bayesreg-package {bayesreg}R Documentation

Getting started with the bayesreg package


This is a comprehensive, user-friendly package implementing the state-of-the-art in Bayesian linear regression, Bayesian count regression and Bayesian logistic regression. Features of the toolbox include:

The lasso, horseshoe and horseshoe+ priors are recommended for data sets where the number of predictors is greater than the sample size. The Laplace, Student-t and logistic models are based on scale-mixture representations; logistic regression utilises the Polya-gamma sampler implemented in the pgdraw package. The Poisson and geometric distributions are implemented using a fast gradient-assisted Metropolis-Hastings algorithm.


Count (non-negative integer) regression is now supported through implementation of Poisson and geometric regression models. To support analysis of data with outliers, we provide two heavy-tailed error models in our implementation of Bayesian linear regression: Laplace and Student-t distribution errors. The widely applicable information criterion (WAIC) is routinely calculated and displayed to assist users in selecting an appropriate prior distribution for their particular problem, i.e., choice of regularisation or data model. Most features are straightforward to use.

Further information on the particular algorithms/methods implemented in this package provided by the literature referenced below.

Version history:


To cite this package please reference:

Makalic, E. & Schmidt, D. F. High-Dimensional Bayesian Regularised Regression with the BayesReg Package arXiv:1611.06649 [stat.CO], 2016

A MATLAB-compatible implementation of this package can be obtained from:


Daniel Schmidt

Department of Data Science and AI, Monash University, Australia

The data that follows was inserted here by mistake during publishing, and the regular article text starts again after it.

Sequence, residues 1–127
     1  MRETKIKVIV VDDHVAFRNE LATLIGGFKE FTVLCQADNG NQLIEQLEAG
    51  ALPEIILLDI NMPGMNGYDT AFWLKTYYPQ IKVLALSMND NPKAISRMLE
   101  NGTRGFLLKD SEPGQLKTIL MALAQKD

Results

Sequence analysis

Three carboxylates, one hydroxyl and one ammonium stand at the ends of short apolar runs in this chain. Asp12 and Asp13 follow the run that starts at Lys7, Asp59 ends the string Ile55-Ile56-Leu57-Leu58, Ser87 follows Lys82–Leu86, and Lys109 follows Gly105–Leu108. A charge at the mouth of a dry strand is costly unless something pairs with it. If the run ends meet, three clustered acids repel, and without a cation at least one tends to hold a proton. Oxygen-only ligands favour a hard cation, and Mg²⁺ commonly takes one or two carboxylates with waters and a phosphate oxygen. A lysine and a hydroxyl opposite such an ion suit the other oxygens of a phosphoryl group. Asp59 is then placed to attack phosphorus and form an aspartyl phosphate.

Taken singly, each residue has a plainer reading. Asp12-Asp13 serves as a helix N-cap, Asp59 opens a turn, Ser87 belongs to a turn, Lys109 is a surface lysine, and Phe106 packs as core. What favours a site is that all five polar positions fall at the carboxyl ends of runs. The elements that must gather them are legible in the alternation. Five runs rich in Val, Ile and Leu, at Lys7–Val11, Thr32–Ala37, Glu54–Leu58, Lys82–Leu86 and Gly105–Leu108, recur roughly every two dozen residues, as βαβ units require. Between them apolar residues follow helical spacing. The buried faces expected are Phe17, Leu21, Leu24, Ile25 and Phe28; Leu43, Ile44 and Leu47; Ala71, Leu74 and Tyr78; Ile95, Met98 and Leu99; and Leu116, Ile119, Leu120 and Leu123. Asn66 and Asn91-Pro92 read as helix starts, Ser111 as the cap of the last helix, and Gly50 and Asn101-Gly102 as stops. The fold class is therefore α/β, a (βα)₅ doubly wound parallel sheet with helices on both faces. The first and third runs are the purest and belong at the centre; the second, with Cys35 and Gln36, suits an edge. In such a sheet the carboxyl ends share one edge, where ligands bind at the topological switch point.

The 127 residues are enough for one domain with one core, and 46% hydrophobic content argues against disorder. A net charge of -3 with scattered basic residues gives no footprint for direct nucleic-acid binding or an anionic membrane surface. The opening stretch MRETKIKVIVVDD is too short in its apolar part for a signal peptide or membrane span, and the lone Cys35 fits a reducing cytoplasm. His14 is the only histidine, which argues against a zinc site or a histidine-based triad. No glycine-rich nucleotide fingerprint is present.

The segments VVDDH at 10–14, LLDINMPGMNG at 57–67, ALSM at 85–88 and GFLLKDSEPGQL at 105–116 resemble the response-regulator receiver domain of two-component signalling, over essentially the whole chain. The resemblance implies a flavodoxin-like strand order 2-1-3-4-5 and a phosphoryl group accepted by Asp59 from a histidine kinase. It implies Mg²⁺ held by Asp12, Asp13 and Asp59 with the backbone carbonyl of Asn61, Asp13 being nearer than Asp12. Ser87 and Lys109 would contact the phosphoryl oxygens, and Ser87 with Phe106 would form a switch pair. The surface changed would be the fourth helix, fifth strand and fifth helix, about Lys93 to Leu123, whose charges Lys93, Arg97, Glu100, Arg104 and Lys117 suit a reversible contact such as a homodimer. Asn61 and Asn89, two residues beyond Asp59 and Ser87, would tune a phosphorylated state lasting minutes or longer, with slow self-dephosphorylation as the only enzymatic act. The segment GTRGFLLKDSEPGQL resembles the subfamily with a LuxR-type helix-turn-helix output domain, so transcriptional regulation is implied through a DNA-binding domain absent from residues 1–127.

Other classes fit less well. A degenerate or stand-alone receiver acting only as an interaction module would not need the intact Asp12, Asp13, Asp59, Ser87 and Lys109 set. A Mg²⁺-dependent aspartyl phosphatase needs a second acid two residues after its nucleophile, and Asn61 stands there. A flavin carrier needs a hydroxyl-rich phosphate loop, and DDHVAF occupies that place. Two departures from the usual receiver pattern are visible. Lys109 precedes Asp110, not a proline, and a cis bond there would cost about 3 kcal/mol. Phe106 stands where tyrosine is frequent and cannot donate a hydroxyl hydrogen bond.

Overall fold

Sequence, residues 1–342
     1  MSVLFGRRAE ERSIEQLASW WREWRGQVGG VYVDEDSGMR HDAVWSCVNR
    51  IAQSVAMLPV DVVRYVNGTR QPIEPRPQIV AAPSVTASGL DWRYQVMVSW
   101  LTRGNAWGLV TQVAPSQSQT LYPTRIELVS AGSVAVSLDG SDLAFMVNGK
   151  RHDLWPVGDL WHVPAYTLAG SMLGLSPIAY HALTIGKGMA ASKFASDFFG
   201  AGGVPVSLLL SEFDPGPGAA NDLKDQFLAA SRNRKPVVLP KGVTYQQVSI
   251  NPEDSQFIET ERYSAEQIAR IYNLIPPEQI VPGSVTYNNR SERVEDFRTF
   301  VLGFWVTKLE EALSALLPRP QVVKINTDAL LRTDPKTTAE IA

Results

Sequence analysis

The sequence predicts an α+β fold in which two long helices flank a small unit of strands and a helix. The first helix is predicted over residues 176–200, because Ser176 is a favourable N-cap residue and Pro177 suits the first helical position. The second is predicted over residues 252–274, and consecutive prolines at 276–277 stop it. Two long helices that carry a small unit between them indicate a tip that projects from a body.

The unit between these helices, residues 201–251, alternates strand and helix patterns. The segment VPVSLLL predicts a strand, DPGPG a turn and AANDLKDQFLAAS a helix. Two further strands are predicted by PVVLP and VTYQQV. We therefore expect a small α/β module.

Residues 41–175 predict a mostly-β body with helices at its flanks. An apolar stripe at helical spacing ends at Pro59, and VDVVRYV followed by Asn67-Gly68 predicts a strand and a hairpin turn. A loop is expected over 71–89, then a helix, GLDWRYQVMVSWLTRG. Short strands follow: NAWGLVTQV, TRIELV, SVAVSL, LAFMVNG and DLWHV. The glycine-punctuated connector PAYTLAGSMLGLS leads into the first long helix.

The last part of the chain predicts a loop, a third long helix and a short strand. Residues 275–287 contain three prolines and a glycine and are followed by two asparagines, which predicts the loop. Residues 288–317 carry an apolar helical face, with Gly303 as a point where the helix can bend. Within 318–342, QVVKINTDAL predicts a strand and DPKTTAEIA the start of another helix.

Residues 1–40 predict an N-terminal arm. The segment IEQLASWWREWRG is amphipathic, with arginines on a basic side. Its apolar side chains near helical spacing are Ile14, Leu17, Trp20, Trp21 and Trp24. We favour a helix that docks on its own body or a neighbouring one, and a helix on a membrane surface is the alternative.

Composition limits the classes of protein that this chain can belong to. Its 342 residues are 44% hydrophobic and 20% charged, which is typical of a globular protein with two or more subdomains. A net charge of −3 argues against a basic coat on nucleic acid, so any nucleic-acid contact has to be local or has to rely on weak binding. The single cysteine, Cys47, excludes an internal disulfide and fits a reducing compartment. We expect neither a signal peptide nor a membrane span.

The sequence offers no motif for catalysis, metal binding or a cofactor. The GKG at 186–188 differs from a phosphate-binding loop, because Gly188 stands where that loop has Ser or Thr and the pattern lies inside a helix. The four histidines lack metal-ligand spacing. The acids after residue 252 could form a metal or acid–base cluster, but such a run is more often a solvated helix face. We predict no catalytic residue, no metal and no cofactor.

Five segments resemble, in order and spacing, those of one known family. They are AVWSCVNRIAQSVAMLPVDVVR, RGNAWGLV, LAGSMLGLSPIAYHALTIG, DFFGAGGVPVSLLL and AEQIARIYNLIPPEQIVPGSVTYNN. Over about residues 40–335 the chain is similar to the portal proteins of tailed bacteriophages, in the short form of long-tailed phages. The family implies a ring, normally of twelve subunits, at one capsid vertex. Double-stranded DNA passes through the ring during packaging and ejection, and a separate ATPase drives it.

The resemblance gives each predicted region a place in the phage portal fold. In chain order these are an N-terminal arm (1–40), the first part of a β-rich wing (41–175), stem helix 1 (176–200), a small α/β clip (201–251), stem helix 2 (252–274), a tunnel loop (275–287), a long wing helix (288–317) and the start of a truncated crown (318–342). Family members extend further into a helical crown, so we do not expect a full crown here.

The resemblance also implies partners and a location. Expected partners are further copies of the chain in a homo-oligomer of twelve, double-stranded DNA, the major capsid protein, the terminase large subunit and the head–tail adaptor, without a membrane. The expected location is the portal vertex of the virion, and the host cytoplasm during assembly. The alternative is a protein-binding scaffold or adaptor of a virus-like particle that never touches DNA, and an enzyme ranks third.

Enes Makalic

Centre for Epidemiology and Biostatistics, The University of Melbourne, Australia


Bhadra, A.; Datta, J.; Polson, N. G. & Willard, B. The Horseshoe+ Estimator of Ultra-Sparse Signals Bayesian Analysis, 2016

Bhattacharya, A.; Chakraborty, A. & Mallick, B. K. Fast sampling with Gaussian scale-mixture priors in high-dimensional regression arXiv:1506.04778, 2016

Carvalho, C. M.; Polson, N. G. & Scott, J. G. The horseshoe estimator for sparse signals Biometrika, Vol. 97, pp. 465-480, 2010

Makalic, E. & Schmidt, D. F. A Simple Sampler for the Horseshoe Estimator IEEE Signal Processing Letters, Vol. 23, pp. 179-182, 2016

Park, T. & Casella, G. The Bayesian Lasso Journal of the American Statistical Association, Vol. 103, pp. 681-686, 2008

Polson, N. G.; Scott, J. G. & Windle, J. Bayesian inference for logistic models using Polya-Gamma latent variables Journal of the American Statistical Association, Vol. 108, pp. 1339-1349, 2013

Rue, H. Fast sampling of Gaussian Markov random fields Journal of the Royal Statistical Society (Series B), Vol. 63, pp. 325-338, 2001

Xu, Z., Schmidt, D.F., Makalic, E., Qian, G. & Hopper, J.L. Bayesian Grouped Horseshoe Regression with Application to Additive Models AI 2016: Advances in Artificial Intelligence, pp. 229-240, 2016

Schmidt, D.F. & Makalic, E. Bayesian Generalized Horseshoe Estimation of Generalized Linear Models ECML PKDD 2019: Machine Learning and Knowledge Discovery in Databases. pp 598-613, 2019

Stan Development Team, Stan Reference Manual (Version 2.26), Section 15.4, "Effective Sample Size",

See Also



## Not run: 
# -----------------------------------------------------------------
# Example 1: Gaussian regression
X = matrix(rnorm(100*20),100,20)
b = matrix(0,20,1)
b[1:5] = c(5,4,3,2,1)
y = X %*% b + rnorm(100, 0, 1)

df <- data.frame(X,y)